Chatting with local bartenders and barbers can be nearly as good as professional therapy for some issues.

Having someone trusted just listen and parrot back common sense advice works really damn well.

Trusting the source of the advice, and believing it will work, has a huge impact on treatment.

The use of tarot cards as therapeutic projectives is actually backed by science though, [1] and more and more practitioners are making use of them in clinical settings [2].

You're jumping to call it quackery without having an open mind. That's not science, that's prejudice.

1: https://www.academia.edu/442955/Tarot_As_a_Projective_Techni...

2: https://psychcentral.com/pro/using-tarot-in-psychotherapy

Is it ok for doctors to give sugar pills for ailments too? They're shown to be effective for a variety of ailments.

Tarot reading goes hand in hand with reading people's fortune. I don't see how you can separate the 2 and therefore have an ethically acceptable treatment, and that's assuming the placebo isn't entirely based on the fortune reading expectation.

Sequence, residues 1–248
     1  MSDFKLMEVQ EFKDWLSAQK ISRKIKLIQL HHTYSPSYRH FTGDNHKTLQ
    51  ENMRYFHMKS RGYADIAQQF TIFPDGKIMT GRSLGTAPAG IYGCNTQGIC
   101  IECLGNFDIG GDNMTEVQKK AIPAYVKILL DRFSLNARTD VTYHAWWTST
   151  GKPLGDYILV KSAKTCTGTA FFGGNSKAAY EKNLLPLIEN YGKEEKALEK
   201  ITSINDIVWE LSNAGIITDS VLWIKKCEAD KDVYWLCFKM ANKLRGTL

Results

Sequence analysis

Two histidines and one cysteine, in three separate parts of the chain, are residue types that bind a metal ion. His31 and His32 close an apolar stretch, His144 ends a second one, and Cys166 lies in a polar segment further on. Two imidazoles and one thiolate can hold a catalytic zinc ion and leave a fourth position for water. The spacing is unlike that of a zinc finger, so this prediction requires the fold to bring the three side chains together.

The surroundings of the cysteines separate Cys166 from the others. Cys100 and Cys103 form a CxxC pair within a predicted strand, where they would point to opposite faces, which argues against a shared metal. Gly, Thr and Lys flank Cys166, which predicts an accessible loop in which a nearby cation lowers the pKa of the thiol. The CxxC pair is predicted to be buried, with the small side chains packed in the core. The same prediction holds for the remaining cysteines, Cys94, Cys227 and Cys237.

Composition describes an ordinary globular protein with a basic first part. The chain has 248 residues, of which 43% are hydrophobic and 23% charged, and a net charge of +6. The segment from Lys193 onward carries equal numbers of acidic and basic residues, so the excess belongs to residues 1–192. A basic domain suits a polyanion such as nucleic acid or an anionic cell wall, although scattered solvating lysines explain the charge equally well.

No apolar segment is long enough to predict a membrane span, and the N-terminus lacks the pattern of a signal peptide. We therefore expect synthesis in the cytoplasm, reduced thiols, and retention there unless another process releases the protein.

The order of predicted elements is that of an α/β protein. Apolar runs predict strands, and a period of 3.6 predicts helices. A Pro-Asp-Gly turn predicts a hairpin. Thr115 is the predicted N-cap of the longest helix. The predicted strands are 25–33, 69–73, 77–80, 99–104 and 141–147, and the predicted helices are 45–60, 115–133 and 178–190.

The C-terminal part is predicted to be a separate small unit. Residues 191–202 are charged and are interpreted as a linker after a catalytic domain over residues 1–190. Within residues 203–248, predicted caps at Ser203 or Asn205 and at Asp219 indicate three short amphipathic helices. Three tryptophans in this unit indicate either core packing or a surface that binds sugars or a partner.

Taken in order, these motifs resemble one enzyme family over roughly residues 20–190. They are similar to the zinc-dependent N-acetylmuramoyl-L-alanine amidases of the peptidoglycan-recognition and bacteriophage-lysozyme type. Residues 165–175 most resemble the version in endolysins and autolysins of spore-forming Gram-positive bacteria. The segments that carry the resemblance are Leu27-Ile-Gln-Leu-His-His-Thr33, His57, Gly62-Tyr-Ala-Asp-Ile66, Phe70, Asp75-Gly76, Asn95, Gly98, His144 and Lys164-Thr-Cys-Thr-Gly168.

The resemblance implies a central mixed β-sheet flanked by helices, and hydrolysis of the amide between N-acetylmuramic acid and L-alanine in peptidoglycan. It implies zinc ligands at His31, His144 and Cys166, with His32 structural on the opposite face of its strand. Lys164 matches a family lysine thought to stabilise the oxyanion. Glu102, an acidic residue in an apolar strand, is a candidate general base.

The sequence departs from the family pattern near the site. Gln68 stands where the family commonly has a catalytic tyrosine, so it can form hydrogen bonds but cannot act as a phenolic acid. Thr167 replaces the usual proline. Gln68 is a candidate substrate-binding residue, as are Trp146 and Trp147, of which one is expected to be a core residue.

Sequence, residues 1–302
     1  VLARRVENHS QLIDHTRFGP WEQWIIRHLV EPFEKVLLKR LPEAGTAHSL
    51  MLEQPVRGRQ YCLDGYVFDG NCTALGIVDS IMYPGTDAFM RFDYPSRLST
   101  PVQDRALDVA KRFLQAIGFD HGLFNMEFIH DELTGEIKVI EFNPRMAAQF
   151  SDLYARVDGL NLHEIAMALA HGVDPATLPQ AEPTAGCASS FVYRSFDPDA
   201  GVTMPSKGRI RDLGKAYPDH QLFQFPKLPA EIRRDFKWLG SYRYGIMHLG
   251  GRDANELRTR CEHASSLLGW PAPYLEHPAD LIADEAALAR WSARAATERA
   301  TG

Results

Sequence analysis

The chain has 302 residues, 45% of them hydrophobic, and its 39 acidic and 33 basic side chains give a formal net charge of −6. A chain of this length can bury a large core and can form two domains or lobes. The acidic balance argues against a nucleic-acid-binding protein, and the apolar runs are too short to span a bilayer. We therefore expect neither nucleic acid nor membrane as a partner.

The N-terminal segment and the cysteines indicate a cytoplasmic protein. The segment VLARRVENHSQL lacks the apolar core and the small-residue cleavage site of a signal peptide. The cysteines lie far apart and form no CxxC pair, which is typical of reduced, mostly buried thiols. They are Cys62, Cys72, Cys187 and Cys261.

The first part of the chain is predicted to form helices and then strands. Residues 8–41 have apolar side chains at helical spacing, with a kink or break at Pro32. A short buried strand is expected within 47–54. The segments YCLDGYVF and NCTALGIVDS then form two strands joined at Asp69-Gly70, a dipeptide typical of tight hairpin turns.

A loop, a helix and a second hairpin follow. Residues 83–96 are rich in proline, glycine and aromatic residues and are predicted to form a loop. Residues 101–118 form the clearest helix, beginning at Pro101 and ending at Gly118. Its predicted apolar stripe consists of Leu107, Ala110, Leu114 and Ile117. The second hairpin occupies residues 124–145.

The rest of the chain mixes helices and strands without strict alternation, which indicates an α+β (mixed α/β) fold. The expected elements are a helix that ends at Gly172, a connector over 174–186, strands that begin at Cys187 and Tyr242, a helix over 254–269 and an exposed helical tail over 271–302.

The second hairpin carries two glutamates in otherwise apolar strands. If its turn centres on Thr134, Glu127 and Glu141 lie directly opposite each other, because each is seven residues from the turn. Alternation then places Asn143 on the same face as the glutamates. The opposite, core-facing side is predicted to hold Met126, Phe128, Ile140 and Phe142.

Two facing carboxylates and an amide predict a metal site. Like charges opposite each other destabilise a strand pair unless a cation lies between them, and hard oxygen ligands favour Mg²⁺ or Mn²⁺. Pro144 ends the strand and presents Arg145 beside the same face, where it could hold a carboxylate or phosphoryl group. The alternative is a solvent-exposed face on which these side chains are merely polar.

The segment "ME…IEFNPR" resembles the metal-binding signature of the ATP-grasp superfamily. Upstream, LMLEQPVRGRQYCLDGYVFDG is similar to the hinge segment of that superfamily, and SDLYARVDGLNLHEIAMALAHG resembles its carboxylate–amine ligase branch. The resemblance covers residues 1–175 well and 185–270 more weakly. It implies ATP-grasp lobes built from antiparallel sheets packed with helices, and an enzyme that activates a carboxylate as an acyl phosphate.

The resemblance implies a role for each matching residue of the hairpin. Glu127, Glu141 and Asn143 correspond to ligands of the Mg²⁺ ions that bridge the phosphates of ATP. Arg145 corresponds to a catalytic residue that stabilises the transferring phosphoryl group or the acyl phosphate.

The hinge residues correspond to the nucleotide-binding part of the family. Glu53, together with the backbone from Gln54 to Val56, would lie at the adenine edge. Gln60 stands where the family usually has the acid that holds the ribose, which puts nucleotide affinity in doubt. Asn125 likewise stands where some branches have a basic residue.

Is it ok for a doctor to use a rorsach test? You know the patient's father isn't actually depicted on there, it's just a random blot of ink.

Tarot as fortune telling is only something I've seen used for entertainment purposes. In the clinical setting I've only seen them used as projectives.

Tarot cards can't just be used as a projective because of their history. They are associated with fortune telling.

Denying that is like walking around with a swastika armband telling anyone who calls you a nazi that it's got nothing to do with the Nazis. Even if you're a Buddhist you still have to accept there an association there.

That is the problem with tarot cards. Some people are going to think you are reading their fortune, no matter how much you preface it.

But if I buy a lottery ticket, there's theoretically a chance of winning, even though I never actually will. It would still be fraud if someone sold lottery tickets for a lottery that never was.